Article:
Your upcoming movie The Ungovernable Force - in a few words,
what is it about?
The Ungovernable Force is about a
bunch of punks in Anycity, USA living their day-to-day PUNK LIVES until
they find out that this asshole fascist sheriff is going around raping and
killing homeless women at night. So they team up with the local homeless
community to take the pig down!
What were your inspirations
when writing The Ungovernable Force - and since the film is
at least on some level about punks vs the system, to what extent can you
identify with punk rock culture?
I've always been involved
in, fascinated by, and identifying with punk culture. I was in an
anarcho-punk band in high school and though I've dabbled in just about
every subculture and music genre I always consider punk and the punk
attitude to be closest to my heart. At one point a writer friend of mine
said, in the midst of myself and some mutual punk friends, that he would
like to write a screenplay based on a house we all lived in at that time,
because it had naturally become somewhat of a "punk house", full
of rats, swarms of mice, trash, booze, drugs, and rotting food. One of the
punks said later, "If he writes that script, it'll suck. You should
write it, Paul," him knowing that I was also an avid writer. That
wasn't the inspiration for me writing this script, and the script has
nothing to do with a "punk house", but it is a source of
encouragement when looking back on the conversation, because even at that
time, when I wasn't identifying as a punk to a large degree, I could still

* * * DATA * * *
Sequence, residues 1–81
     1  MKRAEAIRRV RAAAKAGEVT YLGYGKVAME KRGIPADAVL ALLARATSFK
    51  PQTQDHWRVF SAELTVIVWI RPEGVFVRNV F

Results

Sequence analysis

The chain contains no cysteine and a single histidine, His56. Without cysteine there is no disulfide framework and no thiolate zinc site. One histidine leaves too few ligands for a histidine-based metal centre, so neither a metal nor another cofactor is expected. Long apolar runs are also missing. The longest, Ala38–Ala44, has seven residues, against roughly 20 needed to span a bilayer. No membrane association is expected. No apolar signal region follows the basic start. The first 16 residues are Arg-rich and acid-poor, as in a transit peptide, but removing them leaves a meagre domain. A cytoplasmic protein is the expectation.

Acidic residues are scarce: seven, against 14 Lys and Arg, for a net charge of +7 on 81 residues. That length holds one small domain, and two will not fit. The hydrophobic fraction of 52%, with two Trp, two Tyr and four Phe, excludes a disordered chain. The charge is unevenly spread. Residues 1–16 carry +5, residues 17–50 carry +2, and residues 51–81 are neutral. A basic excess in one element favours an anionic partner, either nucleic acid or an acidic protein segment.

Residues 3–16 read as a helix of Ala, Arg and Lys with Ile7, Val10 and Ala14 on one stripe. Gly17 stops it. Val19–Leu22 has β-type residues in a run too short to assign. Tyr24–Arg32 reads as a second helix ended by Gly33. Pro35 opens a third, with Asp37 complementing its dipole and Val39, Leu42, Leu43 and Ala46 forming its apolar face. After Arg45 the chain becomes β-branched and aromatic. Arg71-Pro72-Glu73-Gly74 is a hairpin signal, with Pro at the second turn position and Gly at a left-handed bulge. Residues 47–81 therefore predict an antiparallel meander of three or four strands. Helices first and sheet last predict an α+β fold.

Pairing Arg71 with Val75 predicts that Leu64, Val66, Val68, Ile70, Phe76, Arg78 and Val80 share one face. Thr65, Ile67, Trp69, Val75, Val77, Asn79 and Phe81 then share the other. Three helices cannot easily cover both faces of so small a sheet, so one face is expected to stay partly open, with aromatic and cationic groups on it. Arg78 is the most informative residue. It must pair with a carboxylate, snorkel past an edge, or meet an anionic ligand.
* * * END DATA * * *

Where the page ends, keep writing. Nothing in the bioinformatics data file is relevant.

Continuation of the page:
identify with the subculture, music, attitude, etc. more than the average
young adult. Since then I've gotten back much closer to my punk roots. My
inspirations, therefore, have been my own adoration of punk music, the
punk culture and attitude, and just the fact that punk rules.
I read The Ungovernable Force being described as
"punxploitation mondo" - would you care to elaborate on this?
the time that my last feature film Honky Holocaust was in
post-production, I was developing a much stronger admiration of unorthodox
shooting styles. There is a scene in Romper Stomper, right after
the raucous skinhead party, when the lead character Hando walks around
their squat and the music from the party has ended. There is unmistakable
feeling of realism; the scene was unnecessary to the plot development and
it was shot in a way that made you feel like you were really there. I want
that feeling to pervade through our film The Ungovernable Force especially
during certain scenes. And there are some great filmmakers, films, and
film genres that really exploit that feature: namely mondo films such as Mondo
Cane, Cannibal Holocaust, and Goodbye Uncle Tom,
that I really like, and also a bunch of other films that break the fourth
wall directly or indirectly by having the camera be so involved in the
film that the audience really feels like they are sitting in a room with
real people, not just characters, a few primary inspirations being Kids,
Panic In Needle Park, Sid and Nancy, Walker, Blue In
The Face, and even to an extreme and dichotomous degree Reds by
Warren Beatty. So I really wanted to take the campy b-movie feel of films
like Escape From New York, Suburbia, Class of 1984, Repo
Trash, and others with those obvious campy sets, characters, plot
devices, etc. and juxtapose them with the mondo-style gritty realism of